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Page last updated at 07:19 GMT, Monday, 17 January 2011
Today: Monday 17th January

The government's plans to reorganise the NHS in England have been condemned by health unions; we'll be speaking with David Cameron who says the reforms cannot be delayed. Also in the programme, are Western parents too soft on their children? A Chinese American author tells us why the naughty step is just the beginning.

To speed up the loading time for this running order, we have replaced the audio with links. To hear the reports, interviews and discussions, just click on the links.

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The Prime Minister of Ireland, Brian Cowen, has called a vote of confidence in himself at a party meeting tomorrow, and his foreign minister is going to be voting against him. Our Ireland correspondent Mark Simpson tells us more.

Business news with Adam Shaw.

Last night the actor Colin Firth, one of last month's Today guest editors, won the best actor prize at the Golden Globe Awards in Hollywood. He was rewarded this for his performance as George VI in 'The King's Speech'. The BBC's Rajesh Mirchandani reviews the ceremony.

Tunisia is facing an uncertain few days after a violent weekend. Pro-democracy campaigners hope their pressure will result in a new interim government and fresh, democratic elections. But supporters of former president Ben Ali have been fighting with government soldiers in the streets of the capital, Tunis, from where Wyre Davies reports.

The TS Eliot Prize for Poetry is awarded on 24 January to the author of the best new collection of poetry published in the UK and Ireland in the last year. This week on Today we are going to be featuring all ten of the poets shortlisted for this year's prize. Today Pascale Petit reads her poem What the Water Gave Me Six.

Sport news with Rob Bonnet.

The heads of six health unions including the BMA and the Royal College of Nursing have written to The Times about their "extreme concern" about NHS reforms. Dr Hamish Meldrum, chairman of the BMA and Professor Chris Ham, chief executive of the leading health think tank The King's Fund discuss the potential impact of the changes.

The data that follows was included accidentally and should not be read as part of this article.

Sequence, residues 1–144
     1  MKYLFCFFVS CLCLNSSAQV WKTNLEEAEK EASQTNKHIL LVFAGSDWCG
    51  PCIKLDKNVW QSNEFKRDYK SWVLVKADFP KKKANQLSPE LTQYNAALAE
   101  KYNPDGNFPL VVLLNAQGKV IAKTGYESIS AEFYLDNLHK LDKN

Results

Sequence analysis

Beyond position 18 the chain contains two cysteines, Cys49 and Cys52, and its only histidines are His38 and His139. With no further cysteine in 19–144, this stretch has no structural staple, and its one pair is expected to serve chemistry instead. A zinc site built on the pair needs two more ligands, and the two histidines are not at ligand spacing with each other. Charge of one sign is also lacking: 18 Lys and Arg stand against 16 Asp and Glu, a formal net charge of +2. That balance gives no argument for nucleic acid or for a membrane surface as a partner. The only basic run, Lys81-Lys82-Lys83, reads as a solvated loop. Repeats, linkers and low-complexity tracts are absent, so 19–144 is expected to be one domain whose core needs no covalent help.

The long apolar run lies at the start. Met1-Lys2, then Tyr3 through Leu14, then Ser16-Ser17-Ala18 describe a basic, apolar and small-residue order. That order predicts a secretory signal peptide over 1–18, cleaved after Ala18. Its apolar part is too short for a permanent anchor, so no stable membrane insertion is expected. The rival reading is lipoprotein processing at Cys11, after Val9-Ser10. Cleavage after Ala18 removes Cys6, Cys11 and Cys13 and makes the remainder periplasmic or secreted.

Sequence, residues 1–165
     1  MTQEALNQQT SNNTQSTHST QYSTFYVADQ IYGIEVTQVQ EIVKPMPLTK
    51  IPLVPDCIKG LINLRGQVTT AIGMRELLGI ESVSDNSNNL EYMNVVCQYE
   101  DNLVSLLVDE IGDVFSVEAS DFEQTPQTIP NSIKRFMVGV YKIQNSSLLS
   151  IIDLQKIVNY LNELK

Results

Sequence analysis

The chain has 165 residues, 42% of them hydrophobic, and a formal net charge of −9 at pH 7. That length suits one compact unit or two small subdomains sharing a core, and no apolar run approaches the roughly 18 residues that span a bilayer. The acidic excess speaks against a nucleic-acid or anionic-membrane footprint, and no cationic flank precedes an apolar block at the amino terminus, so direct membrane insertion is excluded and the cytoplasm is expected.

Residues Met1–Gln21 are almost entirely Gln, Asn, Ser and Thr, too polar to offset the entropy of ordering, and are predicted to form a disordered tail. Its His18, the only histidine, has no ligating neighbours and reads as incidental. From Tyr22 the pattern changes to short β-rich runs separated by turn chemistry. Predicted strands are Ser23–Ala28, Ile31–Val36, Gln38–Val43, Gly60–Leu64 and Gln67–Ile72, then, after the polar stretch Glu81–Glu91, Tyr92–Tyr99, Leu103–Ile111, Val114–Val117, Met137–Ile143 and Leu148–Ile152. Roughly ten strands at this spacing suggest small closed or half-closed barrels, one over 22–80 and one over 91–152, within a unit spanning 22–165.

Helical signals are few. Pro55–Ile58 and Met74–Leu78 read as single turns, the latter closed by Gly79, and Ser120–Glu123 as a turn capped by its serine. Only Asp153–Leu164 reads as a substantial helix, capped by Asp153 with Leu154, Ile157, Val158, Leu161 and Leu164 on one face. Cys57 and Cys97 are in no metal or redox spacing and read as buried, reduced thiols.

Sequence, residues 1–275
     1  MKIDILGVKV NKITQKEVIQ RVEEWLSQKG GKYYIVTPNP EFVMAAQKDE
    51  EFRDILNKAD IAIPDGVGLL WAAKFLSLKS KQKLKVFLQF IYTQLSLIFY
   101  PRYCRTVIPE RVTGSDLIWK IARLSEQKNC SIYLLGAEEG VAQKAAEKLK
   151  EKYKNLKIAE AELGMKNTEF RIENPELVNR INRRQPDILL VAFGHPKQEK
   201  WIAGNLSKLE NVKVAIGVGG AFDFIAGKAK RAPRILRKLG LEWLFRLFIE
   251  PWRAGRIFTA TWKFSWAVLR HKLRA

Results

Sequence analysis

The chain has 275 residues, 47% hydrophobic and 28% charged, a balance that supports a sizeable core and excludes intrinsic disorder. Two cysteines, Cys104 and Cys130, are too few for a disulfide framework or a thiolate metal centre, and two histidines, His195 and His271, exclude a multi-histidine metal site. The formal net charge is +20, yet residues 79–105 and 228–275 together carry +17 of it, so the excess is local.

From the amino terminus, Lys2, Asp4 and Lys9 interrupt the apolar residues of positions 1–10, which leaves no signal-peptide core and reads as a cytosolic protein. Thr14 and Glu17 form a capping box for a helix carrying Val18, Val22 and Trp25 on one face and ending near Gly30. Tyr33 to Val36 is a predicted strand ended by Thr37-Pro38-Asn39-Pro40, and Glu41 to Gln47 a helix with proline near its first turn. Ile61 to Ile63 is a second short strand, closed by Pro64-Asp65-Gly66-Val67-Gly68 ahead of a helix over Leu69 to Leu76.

Paper review.

The award for controversial book of the year so far for concerned parents has to be Battle Hymn of the Tiger Mother. The author is a Chinese American academic at Yale, Amy Chua, and the book plots her "tough mothering" style of parenting. Ms Chua explains her thinking.

Thought for the Day with Canon Dr Alan Billings, an Anglican Priest.

Children are being sexually exploited more often than we realise according to the charity Barnardo's. Its chief executive, Anne-Marie Carrie, explains that sexual exploitation is occurring in every town and city of the UK. And a 20-year-old man tells of his abuse by other men after he came out as gay when he was 14 years old.

In a few days from now a new bill will be laid before parliament that will change the way the NHS works in England. It is the biggest reorganisation of the NHS since it came into existence in 1948. Prime Minister David Cameron discusses his thoughts on changes to the NHS with Today presenter John Humphrys.

Sport news with Rob Bonnet.

It is exactly 20 years since the start of Operation Desert Storm - the US-led military operation to liberate Kuwait from its Iraqi occupation. The BBC's Allan Little reported from Baghdad at the time and reflects on his own memories of the conflict.

Business news with Adam Shaw.

Wanda Jackson is one of the pioneers of rock and roll. Her heyday was perhaps in the 1950s and 60s. But now in her seventies she has been back in the studio and has been collaborating with The White Stripes' Jack White. Today reporter Nicola Stanbridge spoke to them. This is an extended version of the broadcast interview.

On sales at a auction today is an early war game which was created in 1890 to help train officers and military personnel in strategy. Luke Honey, chess and games consultant at the auction house Bonhams and Major-General Patrick Cordingley who commanded the 7th armoured brigade during the first Gulf War talk about the game.



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